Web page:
The water is the most essential resource for life, both for humans and for the cultures we consume. Around the world, agriculture accounts for 70 percent of all freshwater use.
I study Computer Science and Information Technology at Purdue Polytechnic Institute and direct Purdue’s Environmental Networking (ENT) Technology Lab, where we approach sustainability and environmental challenges with a interdisciplinary research on the Internet of Agricultural Things, or Ag-IoT.
The Internet of Things is a network of objects equipped with sensors to receive and transmit data over the Internet. Examples include wearable fitness devices, smart home thermostats and self-driving cars.
In agriculture, this involves technologies such as underground wireless communications, underground sensing and in-ground antennas. These systems help farmers monitor conditions on their land in real time and apply water and other inputs such as fertilizer exactly when and where they are needed.
In particular, monitoring soil conditions holds great promise for helping farmers use water more efficiently. The sensors can now be integrated wirelessly into irrigation systems to provide real-time knowledge of soil moisture levels. Studies suggest that this strategy can reduce water demand for irrigation by 20% to 72% without hampering day-to-day operations on cultivated fields.
What is the Agricultural Internet of Things?
Even in dry places like the Middle East and North Africa, agriculture is possible with effective water management. But extreme weather events brought on by climate change are making this more difficult. Recurring droughts in the western United States over the past 20 years, along with other disasters like wildfires, have caused billions of dollars in crop losses.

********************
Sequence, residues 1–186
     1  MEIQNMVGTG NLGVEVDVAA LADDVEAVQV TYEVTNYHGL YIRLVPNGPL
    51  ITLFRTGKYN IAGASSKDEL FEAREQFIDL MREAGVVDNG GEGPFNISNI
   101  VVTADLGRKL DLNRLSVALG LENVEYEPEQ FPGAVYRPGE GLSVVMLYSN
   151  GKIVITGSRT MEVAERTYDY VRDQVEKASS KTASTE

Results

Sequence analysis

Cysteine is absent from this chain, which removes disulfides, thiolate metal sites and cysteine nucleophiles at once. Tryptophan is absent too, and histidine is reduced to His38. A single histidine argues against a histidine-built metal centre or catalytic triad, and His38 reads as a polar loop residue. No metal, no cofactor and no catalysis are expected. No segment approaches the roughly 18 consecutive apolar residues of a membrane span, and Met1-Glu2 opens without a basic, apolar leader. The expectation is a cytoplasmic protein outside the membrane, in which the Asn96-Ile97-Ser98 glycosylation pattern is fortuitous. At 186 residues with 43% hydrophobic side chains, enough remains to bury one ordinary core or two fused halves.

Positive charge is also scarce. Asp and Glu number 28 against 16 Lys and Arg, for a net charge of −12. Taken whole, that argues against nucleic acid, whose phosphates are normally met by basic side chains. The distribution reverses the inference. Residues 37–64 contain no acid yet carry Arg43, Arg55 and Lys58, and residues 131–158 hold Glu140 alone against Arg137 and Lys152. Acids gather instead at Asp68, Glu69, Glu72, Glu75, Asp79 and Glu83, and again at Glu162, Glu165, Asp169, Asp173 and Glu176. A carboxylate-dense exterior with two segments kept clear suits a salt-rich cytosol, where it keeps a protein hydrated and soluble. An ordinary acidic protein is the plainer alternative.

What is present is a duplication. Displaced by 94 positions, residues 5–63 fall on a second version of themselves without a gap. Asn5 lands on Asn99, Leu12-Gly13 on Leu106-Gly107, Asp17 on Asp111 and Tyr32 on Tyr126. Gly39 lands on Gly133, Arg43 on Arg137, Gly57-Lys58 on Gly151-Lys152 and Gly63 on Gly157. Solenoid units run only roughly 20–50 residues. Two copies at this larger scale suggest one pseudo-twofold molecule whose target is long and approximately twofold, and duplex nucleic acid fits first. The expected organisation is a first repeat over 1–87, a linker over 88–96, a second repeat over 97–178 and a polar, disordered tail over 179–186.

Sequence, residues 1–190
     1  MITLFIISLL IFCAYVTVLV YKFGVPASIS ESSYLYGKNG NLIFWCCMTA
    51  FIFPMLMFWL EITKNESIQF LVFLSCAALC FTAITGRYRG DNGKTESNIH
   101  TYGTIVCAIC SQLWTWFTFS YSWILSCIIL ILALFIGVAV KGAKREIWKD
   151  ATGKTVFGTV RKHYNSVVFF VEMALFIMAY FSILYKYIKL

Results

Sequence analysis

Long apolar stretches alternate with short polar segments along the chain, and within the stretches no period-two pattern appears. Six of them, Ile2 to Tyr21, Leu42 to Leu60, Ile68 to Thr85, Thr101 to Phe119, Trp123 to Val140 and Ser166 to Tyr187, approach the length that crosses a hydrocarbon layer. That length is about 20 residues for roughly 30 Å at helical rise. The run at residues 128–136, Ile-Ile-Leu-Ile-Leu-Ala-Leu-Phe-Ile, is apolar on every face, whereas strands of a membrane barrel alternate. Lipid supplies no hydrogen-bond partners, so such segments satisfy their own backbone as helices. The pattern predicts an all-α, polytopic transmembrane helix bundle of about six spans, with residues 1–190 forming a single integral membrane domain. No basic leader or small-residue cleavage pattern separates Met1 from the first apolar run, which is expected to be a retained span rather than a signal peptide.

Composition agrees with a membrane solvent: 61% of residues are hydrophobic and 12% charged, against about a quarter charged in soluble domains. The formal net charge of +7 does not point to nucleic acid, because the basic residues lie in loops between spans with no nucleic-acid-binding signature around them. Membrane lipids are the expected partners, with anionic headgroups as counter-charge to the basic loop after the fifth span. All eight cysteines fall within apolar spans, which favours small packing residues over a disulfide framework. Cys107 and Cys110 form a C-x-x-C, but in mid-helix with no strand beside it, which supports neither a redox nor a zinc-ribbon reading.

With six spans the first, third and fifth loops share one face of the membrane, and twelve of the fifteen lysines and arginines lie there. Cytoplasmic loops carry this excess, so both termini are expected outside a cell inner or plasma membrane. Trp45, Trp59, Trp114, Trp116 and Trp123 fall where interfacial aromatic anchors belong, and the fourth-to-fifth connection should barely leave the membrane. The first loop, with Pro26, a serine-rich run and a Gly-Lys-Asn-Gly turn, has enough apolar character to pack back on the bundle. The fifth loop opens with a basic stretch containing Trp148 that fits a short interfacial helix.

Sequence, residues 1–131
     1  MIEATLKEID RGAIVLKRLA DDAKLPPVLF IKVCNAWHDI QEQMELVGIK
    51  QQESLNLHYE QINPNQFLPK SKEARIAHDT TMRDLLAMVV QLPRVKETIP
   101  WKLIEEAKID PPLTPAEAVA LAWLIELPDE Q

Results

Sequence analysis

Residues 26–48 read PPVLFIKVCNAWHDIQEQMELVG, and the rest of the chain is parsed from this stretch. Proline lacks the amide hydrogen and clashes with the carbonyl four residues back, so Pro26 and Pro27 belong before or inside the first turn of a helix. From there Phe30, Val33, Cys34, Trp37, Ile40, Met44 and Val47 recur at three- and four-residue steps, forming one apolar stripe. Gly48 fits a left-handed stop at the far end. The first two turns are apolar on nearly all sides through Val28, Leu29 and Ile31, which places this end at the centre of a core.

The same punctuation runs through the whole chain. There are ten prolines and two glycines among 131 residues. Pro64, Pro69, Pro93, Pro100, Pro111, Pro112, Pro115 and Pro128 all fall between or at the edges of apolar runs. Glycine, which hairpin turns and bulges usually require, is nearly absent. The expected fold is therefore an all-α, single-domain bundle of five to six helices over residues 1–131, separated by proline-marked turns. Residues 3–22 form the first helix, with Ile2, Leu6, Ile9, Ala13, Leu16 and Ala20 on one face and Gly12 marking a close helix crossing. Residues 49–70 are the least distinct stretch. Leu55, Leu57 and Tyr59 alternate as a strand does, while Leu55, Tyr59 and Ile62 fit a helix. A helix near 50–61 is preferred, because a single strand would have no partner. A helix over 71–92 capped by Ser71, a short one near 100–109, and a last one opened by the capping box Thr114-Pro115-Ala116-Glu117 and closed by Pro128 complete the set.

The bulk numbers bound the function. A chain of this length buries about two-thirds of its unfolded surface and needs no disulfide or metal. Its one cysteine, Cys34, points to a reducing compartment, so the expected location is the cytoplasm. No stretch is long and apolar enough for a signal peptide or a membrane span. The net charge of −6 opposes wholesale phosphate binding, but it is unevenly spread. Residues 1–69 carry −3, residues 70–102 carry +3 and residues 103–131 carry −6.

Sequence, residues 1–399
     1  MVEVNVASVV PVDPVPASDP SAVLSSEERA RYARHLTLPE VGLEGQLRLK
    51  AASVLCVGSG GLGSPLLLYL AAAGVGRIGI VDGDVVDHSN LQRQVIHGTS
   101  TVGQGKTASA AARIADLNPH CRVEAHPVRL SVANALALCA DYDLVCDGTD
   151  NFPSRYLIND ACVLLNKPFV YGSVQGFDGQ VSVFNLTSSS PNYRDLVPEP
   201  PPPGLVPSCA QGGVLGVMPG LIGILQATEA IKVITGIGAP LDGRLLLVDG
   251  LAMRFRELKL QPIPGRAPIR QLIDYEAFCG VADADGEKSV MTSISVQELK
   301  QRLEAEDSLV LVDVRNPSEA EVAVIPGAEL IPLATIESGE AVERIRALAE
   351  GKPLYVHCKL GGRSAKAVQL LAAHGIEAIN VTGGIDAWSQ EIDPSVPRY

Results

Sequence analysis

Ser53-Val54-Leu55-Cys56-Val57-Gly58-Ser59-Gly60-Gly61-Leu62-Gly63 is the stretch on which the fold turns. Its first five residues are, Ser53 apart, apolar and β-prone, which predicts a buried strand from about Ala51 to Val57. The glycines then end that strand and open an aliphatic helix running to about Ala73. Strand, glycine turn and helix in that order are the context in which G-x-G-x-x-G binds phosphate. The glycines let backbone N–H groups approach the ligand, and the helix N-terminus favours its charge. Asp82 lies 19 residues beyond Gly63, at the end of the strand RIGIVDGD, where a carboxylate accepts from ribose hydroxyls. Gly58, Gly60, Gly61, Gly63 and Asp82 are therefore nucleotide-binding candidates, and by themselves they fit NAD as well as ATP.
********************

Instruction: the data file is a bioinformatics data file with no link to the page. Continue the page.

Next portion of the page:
Water experts have measured soil moisture to inform water management and irrigation decisions for decades. Automated technologies have largely replaced hand-held soil moisture analysis tools, as it is difficult to manually take soil moisture readings in production fields located in remote locations.
Over the past decade, wireless data collection technologies have begun to provide real-time access to soil moisture data, enabling better water management decisions. These technologies could also have many advanced IoT applications in public safety, urban infrastructure monitoring, and food security.
The Agricultural Internet of Things is a network of radios, antennas, and sensors that collect real-time information about crops and soils in the field. To facilitate data collection, these sensors and antennas are wirelessly interconnected with agricultural equipment. The Ag-IoT is a comprehensive framework capable of sensing conditions on farmland, suggesting actions in response, and sending commands to farm machinery.
Interconnecting devices such as soil moisture and temperature sensors in the field makes it possible to control irrigation systems and conserve water autonomously. The system can schedule irrigation, monitor environmental conditions, and control agricultural machinery, such as seeders and fertilizer spreaders. Other applications include estimating nutrient levels in soil and identifying pests.